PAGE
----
A routine traffic stop on a Tennessee road may lead an officer to ask you some questions such as if you are carrying any weapons, are under the influence of drugs or alcohol, or whether you consent to a search of your vehicle.

Generally, under the Fourth Amendment to the U.S. Constitution prohibiting unreasonable searches and seizures, a warrant is required for police to conduct a search of your vehicle. There are some exceptions to this, as is the case with vehicle searches. The exceptions for requiring a warrant for vehicle searches include:

  1. A search incident to a valid arrest
  2. When there is probable cause to search the vehicle
  3. When the car has been impounded
  4. When consent has been given

When a driver of a vehicle is arrested, the police may only search the entire passenger compartment as well as containers in the area, not the trunk. Under probable cause exception, if police have sufficient and objective reason to believe that drugs or evidence of a crime are present in the vehicle, they can conduct a warrantless search of the entire vehicle.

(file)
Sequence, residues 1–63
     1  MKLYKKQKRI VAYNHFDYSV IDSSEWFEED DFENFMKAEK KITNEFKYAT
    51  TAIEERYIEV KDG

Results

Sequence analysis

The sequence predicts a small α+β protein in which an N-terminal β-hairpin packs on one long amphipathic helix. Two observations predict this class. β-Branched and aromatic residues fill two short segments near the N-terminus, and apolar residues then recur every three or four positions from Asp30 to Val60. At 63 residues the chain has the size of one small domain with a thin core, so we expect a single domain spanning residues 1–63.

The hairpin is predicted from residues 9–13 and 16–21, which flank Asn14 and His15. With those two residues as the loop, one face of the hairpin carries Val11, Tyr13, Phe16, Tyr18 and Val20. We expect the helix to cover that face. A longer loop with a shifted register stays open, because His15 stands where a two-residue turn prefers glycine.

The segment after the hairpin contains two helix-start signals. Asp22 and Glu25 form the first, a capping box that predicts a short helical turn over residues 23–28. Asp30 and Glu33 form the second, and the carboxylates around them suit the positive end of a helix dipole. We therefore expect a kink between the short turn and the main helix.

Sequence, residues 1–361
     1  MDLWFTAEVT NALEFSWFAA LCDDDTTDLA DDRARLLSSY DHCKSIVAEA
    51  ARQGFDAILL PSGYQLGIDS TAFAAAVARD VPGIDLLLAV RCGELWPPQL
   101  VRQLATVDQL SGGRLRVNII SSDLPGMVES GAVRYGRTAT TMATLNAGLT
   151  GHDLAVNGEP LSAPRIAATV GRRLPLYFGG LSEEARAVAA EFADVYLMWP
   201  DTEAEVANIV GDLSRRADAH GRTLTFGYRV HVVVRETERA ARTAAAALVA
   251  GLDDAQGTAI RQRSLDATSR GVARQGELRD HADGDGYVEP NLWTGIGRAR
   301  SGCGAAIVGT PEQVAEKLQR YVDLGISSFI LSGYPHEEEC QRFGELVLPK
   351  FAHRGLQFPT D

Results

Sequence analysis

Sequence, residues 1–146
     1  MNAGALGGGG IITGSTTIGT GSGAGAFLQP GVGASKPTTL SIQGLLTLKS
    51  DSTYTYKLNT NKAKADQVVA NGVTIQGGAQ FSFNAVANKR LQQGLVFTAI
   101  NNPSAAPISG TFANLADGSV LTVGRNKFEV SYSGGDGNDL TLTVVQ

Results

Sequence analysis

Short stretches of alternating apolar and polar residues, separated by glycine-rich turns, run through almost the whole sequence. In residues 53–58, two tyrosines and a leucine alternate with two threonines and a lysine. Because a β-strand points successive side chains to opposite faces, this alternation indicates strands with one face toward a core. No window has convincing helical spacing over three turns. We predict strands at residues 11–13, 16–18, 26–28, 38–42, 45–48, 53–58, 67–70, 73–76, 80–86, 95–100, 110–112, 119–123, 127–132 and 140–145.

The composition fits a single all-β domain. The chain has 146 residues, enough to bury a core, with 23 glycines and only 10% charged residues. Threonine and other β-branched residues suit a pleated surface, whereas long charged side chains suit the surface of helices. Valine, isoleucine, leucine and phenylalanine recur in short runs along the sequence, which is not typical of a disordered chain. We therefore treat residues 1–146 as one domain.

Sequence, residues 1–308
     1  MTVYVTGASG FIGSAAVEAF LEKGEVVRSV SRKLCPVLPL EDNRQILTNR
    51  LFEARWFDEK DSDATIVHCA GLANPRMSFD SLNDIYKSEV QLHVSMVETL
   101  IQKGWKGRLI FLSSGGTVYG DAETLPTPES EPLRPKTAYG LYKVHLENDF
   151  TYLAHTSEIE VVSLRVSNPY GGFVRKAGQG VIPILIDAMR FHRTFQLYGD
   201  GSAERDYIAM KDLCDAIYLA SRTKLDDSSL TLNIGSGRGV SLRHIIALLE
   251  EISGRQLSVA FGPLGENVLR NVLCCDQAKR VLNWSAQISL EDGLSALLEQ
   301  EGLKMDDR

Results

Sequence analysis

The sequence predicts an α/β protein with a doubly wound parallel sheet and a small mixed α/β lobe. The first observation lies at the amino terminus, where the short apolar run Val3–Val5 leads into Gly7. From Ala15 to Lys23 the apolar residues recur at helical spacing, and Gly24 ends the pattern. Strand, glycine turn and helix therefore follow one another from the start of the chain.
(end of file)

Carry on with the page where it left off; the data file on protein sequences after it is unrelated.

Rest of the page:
Police can also obtain consent from the driver to search the vehicle. The consent has to be unequivocal, intelligently given, and free of duress or coercion in order for the search to be valid in court. In the state of Tennessee, if you refuse to consent to a search, the officer will most likely have to accept your refusal and let you go unless he or she has probable cause to conduct a search. Courts have ruled that police cannot presume wrongdoing merely from a driver’s refusal to consent to a search.

Vehicle searches are all different and fact-specific, and as such, should be reviewed by an experienced attorney in central Tennessee, serving Spring Hill, Brentwood, Murfreesboro, Lawrenceburg, Pulaski, Columbia. For more on meeting with an attorney and what to provide them with click here.